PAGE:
Invisible Ink: No 79 - Fergus Gwynplaine MacIntyre

Don't believe anything you read about Fergus "Froggy" MacIntyre, tweedily-dressed, bushy-haired, shambling man-mountain.

This journalist, poet, artist, and bon viveur recently burned himself to death in a cluttered, filthy Brooklyn apartment. A Rabelaisian character who reckoned he was born in Scotland and raised in Australia, he developed an English accent but was probably from New York. His three wives and two adopted children have not been found, his name was swiped from a Victor Hugo story, his age was unknown and most anecdotes about him are contradictory.

This much is true; in 1994 he wrote a well-received steampunk thriller called The Woman Between The Worlds, but only managed to follow it with a volume of light poetry called MacIntyre's Improbable Bestiary. He was intelligent but undisciplined, loved resurrecting rare words and coining new ones, wrote good sci-fi and fantasy short stories, book reviews, articles and crime tales, but was best at creating himself.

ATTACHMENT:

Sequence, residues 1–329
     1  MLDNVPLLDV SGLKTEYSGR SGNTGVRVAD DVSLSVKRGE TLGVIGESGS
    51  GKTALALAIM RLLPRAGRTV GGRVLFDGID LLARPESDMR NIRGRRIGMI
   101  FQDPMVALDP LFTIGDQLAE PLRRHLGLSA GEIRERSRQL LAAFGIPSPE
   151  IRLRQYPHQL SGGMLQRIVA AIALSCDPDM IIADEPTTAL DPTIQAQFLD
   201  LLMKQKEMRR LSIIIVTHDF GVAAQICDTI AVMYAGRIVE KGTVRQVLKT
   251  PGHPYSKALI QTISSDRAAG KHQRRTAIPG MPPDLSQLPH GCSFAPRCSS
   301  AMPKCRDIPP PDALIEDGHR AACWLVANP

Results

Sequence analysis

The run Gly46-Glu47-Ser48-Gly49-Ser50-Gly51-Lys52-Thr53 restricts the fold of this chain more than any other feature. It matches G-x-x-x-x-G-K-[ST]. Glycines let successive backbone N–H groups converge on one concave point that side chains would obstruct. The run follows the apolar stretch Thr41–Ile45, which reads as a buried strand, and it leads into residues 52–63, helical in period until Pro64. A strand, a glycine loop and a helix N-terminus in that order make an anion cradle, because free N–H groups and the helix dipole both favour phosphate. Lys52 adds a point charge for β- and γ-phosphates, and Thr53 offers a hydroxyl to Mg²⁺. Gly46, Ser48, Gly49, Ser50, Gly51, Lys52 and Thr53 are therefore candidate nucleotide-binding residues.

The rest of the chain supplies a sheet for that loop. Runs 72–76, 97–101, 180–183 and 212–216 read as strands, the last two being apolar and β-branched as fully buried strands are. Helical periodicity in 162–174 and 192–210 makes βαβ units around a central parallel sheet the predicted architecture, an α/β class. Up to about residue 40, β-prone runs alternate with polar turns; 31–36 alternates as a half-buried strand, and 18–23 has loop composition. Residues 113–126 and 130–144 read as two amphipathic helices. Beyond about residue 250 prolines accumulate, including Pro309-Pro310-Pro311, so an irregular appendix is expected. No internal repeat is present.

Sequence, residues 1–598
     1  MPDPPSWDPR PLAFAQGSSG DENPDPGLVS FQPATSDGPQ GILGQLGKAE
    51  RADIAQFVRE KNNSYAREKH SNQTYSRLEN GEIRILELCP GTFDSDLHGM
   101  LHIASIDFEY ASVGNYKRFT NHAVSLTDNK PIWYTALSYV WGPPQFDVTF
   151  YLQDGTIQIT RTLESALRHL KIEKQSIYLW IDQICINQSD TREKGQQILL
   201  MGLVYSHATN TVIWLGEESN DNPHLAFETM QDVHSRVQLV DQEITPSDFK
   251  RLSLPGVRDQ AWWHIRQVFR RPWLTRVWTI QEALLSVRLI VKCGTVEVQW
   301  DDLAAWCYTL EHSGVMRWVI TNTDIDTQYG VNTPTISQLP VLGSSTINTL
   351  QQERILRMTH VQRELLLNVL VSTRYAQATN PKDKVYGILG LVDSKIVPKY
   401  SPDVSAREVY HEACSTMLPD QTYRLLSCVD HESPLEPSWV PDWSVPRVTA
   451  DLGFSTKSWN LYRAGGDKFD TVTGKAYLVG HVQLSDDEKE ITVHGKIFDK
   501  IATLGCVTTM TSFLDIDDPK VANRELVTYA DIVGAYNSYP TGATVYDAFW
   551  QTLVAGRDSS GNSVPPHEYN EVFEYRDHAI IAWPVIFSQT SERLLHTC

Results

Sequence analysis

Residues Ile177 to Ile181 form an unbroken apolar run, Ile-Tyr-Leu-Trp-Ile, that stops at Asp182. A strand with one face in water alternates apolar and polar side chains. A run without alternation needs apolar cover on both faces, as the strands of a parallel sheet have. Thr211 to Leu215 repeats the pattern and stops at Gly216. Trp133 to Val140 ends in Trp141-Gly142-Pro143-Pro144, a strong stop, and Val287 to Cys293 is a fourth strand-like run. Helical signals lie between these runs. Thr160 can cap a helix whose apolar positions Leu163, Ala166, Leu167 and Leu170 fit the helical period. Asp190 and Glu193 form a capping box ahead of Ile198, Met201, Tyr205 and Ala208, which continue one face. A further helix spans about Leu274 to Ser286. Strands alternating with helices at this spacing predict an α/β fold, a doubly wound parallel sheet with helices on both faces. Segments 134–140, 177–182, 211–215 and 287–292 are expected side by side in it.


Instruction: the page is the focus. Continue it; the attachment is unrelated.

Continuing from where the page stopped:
He said he suffered from synaesthesia, a condition in which the senses become confused, but there's no reason to assume this was true either. MacIntyre's manufactured persona evoked an English clubman's background, but the kind that is found mainly in old novels. He wore white gloves, claiming everything from torture to webbed fingers, but did it to cure chronic nail biting.

In the literary world, the louche, book-carrying fantasist-writer is a familiar figure. He turns up at festivals and conventions with bags full of old paperbacks, and usually behaves badly enough for others to remember him, possibly fighting with a more successful author. These are the writers who love books too much, who are full of ideas and want to take the literary world by storm, but who lack the discipline and tenacity to do so.

MacIntyre enjoyed starting feuds, and one of them ended with the female neighbour who used to carry out his endless bags of rubbish being tied to a chair, shaved and sprayed black. Delightful eccentricity had now given way to a damaged mental state. His career followed a downward spiral and he lost his job working nights in Manhattan as a printer. There were unusual characteristics; he was a conservative, and blogged about his pending suicide, ending with the words "Straight on till mourning", a punning allusion to Peter Pan. Unlike Kyril Bonfiglioli, whose pose as a flâneur perfectly matched his elegant prose, Froggy allowed his constructed image to eclipse his talent.

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